Candid is tasked with interviewing potential suppliers of an online benefits system, but suspects it may be a pointless exercise
I would like to make this clear from the start: it wasn’t my idea. I had no intention of buying an online benefits system for this company. We don’t need one and we don’t want one. I hope that is crystal clear. I just needed to say it out loud again, although I am blue in the face from saying it to Big Bad Boss. He is deaf to my claims. He has had a day of golf and a jolly nice lunch with his mate at Smarmy Consultants, and we are buying its system. That is that.
But even that wouldn’t be so bad, if we could just take it and get it over with. Oh no. We have to do a full-blown tender process and beauty parade with Smarmy Consultant’s competitors too. Let me correct that – I have to go through a full-blown tender process and beauty parade, even though Big Bad Boss has clearly made the decision on the links already.
First up for the demonstration is Smarmy. It has already shown Big Bad Boss its system, focusing on the magic-reporting functionality. Its system can spit out reports by business unit, by location, and even work out the cost per employee. It seduced Big Bad Boss by showing him you can click and get a report on the cost of your benefits worldwide by detailed subcategory.
Call me a pragmatist, but I can see a fatal flaw already. We don’t know the cost of our benefits worldwide by detailed subcategory. We don’t even know what we spend on coffee in head office, let alone anything anywhere else. Those cowboys in finance code everything to one big bucket called ‘fringe’ and no one has a clue what is in there.
That doesn’t matter, the consultant tells me airily. They will help me put all the data in the system. I am filled with a sense of dread at this gloomy realisation: I will be the one putting all the data in the system; I will be the one to have to implement this stupid system we do not need and do not even want. Sigh.
Next I have to visit Mercenary Brokers at its swish offices in the city. I only get a sandwich lunch, so it must realise I am not the real decision-maker. I do, however, get a four-hour (yes, four-hour) demonstration of the system. Yawn. I wonder how an earth I am going to stay awake. Then they introduce me to Ben, their system guru, who is going to demonstrate the tool in detail. Ben is rather good-looking and I decide that he can show me his tool all he likes. Things are definitely looking up.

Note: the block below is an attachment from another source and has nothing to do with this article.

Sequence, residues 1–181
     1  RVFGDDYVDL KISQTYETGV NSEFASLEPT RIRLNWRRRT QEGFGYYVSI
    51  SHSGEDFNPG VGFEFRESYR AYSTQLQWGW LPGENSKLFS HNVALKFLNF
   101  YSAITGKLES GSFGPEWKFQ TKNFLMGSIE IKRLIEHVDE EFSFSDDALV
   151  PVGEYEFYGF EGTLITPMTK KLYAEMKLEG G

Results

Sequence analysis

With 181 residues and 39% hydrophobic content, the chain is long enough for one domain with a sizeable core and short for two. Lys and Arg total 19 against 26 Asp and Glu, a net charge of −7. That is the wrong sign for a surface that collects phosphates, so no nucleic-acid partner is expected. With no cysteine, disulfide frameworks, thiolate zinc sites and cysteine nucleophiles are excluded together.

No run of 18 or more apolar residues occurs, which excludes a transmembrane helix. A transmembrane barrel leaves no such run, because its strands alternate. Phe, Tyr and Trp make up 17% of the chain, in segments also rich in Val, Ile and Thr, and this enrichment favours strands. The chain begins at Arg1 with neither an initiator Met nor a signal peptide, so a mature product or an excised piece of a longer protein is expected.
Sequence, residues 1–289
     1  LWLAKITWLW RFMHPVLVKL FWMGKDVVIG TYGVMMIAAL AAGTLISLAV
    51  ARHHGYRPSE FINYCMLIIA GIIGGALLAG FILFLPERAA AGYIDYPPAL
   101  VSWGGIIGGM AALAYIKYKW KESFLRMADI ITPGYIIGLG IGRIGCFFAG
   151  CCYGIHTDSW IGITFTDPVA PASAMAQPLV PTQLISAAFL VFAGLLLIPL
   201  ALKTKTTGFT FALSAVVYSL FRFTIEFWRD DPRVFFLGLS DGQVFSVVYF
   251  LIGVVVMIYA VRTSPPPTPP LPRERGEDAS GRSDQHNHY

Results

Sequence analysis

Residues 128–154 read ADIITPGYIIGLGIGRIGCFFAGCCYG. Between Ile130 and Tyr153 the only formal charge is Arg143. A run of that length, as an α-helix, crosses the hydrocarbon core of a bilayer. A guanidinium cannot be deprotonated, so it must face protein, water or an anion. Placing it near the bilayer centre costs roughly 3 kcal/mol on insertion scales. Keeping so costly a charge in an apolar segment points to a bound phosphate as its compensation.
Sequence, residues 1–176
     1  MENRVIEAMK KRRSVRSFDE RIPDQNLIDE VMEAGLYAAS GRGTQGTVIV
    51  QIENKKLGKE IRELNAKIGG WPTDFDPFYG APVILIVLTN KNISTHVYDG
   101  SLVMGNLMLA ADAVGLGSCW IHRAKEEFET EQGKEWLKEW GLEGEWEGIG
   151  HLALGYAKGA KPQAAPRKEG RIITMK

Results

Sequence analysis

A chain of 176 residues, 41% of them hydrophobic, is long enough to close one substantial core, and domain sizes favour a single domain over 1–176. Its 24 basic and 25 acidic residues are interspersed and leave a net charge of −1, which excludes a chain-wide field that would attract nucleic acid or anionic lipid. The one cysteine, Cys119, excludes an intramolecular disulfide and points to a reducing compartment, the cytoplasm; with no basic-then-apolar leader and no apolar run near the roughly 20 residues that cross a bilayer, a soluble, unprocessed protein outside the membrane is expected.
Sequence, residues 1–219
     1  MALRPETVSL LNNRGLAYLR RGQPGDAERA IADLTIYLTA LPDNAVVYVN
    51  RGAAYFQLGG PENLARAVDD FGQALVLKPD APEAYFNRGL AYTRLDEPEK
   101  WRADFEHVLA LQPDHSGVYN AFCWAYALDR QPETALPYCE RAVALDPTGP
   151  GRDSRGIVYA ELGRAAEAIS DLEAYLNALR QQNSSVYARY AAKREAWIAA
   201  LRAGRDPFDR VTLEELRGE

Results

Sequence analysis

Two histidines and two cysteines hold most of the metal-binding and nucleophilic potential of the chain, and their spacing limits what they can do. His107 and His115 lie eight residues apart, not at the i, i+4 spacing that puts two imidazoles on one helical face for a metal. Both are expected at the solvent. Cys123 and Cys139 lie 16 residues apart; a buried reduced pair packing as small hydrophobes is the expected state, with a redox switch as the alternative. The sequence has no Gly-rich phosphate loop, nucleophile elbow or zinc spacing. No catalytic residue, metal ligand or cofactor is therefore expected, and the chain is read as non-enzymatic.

The data section is mind-numbingly boring, and I find myself trying to assess how wide Ben’s shoulders are. He certainly looks like he works out. Ben asks me a question and, embarrassed, I have to ask him to repeat it. He wants to know what key functionality I am looking for. Looking at his shoulders again, I can think of lots of things, but none of it to do with benefits. I try to pay a bit more attention to the system from now on. I tell him I am looking for something that is simple to administer, which is only too true.
Mercenary can provide a lot of defined reports, too. Yada yada. It is all the same as Smarmy, really. Ben’s arms look quite well defined, although it is hard to tell under his jacket. Maybe he’ll take it off later. Ben asks me another question, and I, um, have to ask him again to, um, say it again.
He is asking about market data. Actually, I now start to get interested. Mercenary provide detailed market data updates several times a year. We look at the data together, just Ben and I poring over the screen together. It is really rather cosy. I like the look of the data, though. It has proper benefits data by category and type of employee. This I could actually see being of use. Well, now. I say goodbye to Ben, but hope to be in touch. And I mean it.
The next day I see Hugely Dull Consultants, which has just merged with Advice Outrageously Nebulous. It has a new benefits system too, which it tells me is state of the art. Well, I am an expert now and can tell them it clearly isn’t state of the art. Its reports aren’t a patch on Smarmy’s, and its market data isn’t anything like as good as Mercenary’s. A couple of waffling paragraphs on each country is hardly market data.
At least I look like I know what I am talking about this time. I have absorbed enough benefits system blurb to ask piercing questions. How often does it update the market information? How does this system cope with organisation structure changes? And, more crucially, how does it propose to go about data collection? I have them thoroughly backed into a corner. What’s more, its system guy isn’t even good looking. Huh, call that a sales pitch?
Back at the ranch, I report back to Big Bad Boss on my findings. Mercenary Brokers definitely has the best system. He isn’t listening. It has proper market data, I tell him. The reporting is excellent, I add. More importantly, it is even coming in cheaper. It’s all to no avail. Who cares what system is best? While I was out, he has already signed the contract.
Next time…Candid replies to the company culture survey.
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